Between revelations about Grayson’s evident fondness for booze and a battery of mom jokes the tone is set. This crew is lewd and rude, their language “industrial”. But the hint of a moral compass manages to permeate the booze haze and after crash landing on a once-spectacular, now damaged planet, the goal to find transport off-world is balanced by the simmering personal disputes that drive Grayson’s overwrought machismo.
The plot is threadbare and 100% predictable. If you didn’t see its key points coming you were probably playing with the sound off and one eye closed. But oddly, it didn’t hurt the experience too much. Because fundamentally Bulletstorm is 110% about the action.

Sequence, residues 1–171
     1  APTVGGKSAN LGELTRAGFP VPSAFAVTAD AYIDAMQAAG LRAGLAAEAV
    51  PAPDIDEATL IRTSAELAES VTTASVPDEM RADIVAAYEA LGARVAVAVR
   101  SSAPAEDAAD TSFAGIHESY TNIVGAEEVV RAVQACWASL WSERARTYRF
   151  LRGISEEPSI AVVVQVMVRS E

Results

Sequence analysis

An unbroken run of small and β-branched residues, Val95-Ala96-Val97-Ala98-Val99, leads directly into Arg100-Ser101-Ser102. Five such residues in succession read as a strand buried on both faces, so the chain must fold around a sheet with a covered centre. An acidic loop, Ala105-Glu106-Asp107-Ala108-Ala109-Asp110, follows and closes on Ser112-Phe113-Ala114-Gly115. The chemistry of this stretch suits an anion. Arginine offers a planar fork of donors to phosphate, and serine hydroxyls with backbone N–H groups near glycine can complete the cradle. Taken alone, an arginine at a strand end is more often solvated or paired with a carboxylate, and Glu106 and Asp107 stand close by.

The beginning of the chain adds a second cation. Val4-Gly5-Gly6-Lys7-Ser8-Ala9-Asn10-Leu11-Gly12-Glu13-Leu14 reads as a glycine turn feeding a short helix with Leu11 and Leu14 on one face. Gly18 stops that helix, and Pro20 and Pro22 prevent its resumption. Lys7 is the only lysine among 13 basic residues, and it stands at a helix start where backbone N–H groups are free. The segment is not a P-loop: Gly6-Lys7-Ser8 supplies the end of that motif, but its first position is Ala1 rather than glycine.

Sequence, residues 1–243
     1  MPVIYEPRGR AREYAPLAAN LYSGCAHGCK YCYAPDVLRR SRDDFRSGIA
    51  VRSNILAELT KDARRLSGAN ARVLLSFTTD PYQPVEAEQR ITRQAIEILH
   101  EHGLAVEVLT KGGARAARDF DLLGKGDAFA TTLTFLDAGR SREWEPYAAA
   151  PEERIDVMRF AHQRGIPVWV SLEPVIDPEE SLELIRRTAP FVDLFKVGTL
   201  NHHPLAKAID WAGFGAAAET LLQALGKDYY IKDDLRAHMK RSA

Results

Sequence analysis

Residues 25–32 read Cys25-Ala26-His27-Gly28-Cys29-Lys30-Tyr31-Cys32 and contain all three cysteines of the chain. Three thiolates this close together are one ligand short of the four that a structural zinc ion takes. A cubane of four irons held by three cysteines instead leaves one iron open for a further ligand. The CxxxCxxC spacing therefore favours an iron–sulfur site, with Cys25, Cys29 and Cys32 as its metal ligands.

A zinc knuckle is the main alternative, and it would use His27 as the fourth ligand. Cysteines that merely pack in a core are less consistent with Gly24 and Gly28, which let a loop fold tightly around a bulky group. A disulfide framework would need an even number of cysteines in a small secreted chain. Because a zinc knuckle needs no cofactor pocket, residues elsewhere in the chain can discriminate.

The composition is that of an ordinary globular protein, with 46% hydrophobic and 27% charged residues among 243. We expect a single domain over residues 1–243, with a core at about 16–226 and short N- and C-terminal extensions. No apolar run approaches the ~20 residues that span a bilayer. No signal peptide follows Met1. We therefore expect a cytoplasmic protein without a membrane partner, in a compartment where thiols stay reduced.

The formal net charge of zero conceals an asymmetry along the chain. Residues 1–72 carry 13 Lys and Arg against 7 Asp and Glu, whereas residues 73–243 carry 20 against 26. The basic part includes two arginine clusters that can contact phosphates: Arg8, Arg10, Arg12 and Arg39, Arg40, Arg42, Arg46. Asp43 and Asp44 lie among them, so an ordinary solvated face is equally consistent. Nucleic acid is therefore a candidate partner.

Bulletstorm needs unique selling points more substantial than 47 uses of the word “shit” and maybe fifty-some uses of “cock” (those numbers according to producer Tanya Jessen). That’s where creative use of your boot to kick enemies and the Leash to drag and throw them become so vital. And they work. Booting or leashing an enemy into a slo-mo phase to then shoot them or ram them into walls, deadly plants, or off ledges is always satisfying. It sounds like it could easily get repetitive, but it really doesn’t over the eight to ten hours of single-player gameplay. Looking for those exploding barrels or aspects of the environment you can use to execute creative killing techniques is a key part of the fun.